<link rel="stylesheet" href="//fonts.googleapis.com/css?family=Open+Sans:400,600%7COswald:300,400,500,700%7CPlayfair+Display">Posterior Lumbar Fusion (PSF) » Columbia, SC | Orthopedic Surgeon | Michael W. Peelle, MD
Orthopedic & Neurologic Surgery of the Spine
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Posterior Lumbar Fusion (PSF)

Posterior Spinal Fusion (PSF) is a surgery aimed at stabilizing the spine and aiding patients suffering from lower back and leg pain, loss of coordination, weakness, and numbness resulting from pressure on the nerves. By carefully removing spurs, cysts, and foreign material that is impinging the spinal nerves, these symptoms can be alleviated or eliminated, helping these patients return to a lifestyle of reduced or no pain. Following your surgery, you may experience some restrictions in activity and have to wear a soft brace or in some cases a hard plastic brace during your recovery period.

The surgery begins with an incision in your back along the spine, followed by removing the material causing your symptoms. A bone graft is then placed in your spine to aid the two adjacent vertebrae in fusing together to form a stable support system in your back. For those patients suffering from severe leg pain, this surgery can be particularly effective, with success rates being very high in relieving this kind of pain. Even better, the time required in the hospital following the surgery is usually quite short, with most patients returning home in just three to five days after the surgery.

If you’re suffering from symptoms of numbness, back and leg pain, or a loss of coordination, contact Dr. Peelle and alert him to your symptoms.

FAQ:

1. What can lead to my physician ordering posterior lumbar fusion?

In cases where lower back and leg symptoms are of such severity that they disable the use of these limbs, and these symptoms have not responded to conservative methods of treatment such as physical therapy and medication, posterior lumbar fusion may be ordered. Most commonly these symptoms result from spondylolisthesis, degenerative disc disease, or recurring herniations of the spinal discs, conditions which can cause mechanical pain and be candidates for this kind of surgery.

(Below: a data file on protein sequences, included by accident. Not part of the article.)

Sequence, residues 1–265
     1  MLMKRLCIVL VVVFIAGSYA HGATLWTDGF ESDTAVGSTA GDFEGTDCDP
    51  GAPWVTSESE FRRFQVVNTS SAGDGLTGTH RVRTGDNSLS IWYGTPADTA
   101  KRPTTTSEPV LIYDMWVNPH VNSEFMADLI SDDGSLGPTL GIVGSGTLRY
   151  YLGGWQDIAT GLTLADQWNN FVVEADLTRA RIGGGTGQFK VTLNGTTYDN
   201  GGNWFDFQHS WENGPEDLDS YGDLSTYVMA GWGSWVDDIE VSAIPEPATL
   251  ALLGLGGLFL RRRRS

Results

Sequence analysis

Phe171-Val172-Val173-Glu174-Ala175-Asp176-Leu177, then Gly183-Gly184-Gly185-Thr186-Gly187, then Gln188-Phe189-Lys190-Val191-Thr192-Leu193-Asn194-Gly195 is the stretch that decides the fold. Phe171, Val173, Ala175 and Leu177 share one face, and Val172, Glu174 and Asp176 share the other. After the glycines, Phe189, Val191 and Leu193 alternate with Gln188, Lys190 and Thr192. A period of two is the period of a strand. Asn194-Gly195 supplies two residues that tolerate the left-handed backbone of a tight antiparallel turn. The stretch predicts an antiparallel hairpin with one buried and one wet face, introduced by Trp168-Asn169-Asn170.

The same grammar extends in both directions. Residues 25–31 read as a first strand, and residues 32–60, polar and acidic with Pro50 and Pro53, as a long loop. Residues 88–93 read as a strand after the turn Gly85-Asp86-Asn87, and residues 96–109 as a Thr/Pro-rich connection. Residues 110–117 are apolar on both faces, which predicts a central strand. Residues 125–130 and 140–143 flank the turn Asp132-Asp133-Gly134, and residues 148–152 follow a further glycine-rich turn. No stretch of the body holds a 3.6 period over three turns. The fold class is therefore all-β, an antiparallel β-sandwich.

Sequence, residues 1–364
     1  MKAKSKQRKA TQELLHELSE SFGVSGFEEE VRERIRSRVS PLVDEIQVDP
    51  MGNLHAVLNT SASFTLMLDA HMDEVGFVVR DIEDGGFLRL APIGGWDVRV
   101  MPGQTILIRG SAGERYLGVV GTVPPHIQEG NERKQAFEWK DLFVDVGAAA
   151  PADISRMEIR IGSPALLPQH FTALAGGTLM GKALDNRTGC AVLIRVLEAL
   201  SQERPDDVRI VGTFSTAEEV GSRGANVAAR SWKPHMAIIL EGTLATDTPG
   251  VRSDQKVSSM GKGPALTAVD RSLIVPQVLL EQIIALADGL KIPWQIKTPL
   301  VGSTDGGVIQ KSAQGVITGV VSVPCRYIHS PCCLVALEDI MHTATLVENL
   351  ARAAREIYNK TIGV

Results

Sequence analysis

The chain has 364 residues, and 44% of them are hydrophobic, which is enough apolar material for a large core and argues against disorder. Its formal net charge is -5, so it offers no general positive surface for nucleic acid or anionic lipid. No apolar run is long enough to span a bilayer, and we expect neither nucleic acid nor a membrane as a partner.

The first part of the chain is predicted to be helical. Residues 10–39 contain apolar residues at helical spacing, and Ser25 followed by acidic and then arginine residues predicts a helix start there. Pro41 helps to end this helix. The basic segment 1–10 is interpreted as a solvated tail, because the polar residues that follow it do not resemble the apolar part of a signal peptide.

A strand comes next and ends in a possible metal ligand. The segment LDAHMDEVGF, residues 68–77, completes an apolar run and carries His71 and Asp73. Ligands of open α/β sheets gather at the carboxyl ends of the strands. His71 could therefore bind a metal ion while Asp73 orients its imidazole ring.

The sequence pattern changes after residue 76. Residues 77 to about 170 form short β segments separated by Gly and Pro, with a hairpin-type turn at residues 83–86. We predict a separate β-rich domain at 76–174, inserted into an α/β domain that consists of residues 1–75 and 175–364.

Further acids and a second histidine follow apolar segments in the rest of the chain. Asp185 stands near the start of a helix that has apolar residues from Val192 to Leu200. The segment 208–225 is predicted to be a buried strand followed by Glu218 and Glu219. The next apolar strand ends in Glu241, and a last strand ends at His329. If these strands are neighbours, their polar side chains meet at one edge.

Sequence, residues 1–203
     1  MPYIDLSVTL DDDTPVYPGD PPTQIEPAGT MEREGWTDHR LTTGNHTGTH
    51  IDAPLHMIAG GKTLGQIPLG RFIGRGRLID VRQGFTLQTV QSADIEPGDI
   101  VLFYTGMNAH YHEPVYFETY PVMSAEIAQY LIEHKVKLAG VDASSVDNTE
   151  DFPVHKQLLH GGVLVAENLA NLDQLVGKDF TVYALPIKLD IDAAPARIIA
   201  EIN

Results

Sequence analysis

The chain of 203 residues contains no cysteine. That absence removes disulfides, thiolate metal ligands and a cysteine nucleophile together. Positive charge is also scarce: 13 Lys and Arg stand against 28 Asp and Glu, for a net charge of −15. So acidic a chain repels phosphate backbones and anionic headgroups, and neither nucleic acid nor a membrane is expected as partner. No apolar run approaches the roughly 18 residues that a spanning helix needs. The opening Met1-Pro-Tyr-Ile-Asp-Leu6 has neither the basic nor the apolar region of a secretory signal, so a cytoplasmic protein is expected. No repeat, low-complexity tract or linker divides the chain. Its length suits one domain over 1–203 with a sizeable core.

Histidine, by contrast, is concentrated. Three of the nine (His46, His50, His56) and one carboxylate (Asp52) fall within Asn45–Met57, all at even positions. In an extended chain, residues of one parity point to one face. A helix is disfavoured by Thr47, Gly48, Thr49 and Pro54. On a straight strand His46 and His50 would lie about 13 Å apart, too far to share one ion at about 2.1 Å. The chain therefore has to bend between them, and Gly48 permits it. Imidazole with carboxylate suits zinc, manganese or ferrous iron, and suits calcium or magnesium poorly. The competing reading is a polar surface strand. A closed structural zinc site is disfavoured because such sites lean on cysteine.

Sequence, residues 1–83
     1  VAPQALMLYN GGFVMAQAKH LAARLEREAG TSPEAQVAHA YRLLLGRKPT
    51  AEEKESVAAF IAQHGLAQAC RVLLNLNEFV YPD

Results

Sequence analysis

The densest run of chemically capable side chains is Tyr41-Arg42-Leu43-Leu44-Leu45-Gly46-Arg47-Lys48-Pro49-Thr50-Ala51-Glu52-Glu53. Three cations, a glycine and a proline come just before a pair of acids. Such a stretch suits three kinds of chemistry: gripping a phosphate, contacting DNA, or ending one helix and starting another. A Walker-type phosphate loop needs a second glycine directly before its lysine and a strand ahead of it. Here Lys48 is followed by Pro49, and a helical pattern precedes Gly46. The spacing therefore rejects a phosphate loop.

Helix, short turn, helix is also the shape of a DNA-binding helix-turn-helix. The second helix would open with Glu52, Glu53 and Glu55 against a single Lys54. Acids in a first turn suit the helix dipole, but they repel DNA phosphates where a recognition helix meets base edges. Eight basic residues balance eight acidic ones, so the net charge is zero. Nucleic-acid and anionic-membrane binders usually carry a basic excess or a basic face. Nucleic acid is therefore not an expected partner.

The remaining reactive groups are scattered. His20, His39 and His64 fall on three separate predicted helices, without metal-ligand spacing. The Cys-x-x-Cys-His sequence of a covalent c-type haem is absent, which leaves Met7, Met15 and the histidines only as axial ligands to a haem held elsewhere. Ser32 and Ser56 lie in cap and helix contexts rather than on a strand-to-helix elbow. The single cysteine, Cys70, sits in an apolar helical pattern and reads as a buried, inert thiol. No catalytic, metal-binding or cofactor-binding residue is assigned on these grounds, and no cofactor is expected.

2. What will my recovery from posterior lumbar fusion be like?

Following your surgery it will be necessary to adhere to your rehabilitation plan to ensure that you experience the fullest possible recovery. Due to the surgery you may experience spinal pain and weakness in the muscles throughout, and a return to your normal activities should be done slowly to ensure you don’t reinjure your spine. Statistically, improvements will continue for up to two years following your procedure. Frequent and active walking will be encouraged and should begin immediately after you’re discharged. Discuss the details with Dr. Peelle.

3. What risks are associated with posterior lumbar fusion?

All surgeries, however minor, come with a certain degree of risk of complication. Some of the specific complications that can result from posterior lumbar fusion include spinal cord or nerve injury, the fusion failing, infection, blood clots, and hoarseness and swallowing problems that last several weeks. In some cases, pneumonia can result from general anesthesia, and in some cases, a dural tear may result. Dural tears are a leaking of spinal fluid caused by damage to the dura, the tissue that holds the spinal fluid and contains the nerves. Contact Dr. Peelle immediately if you’re experiencing any of these symptoms.

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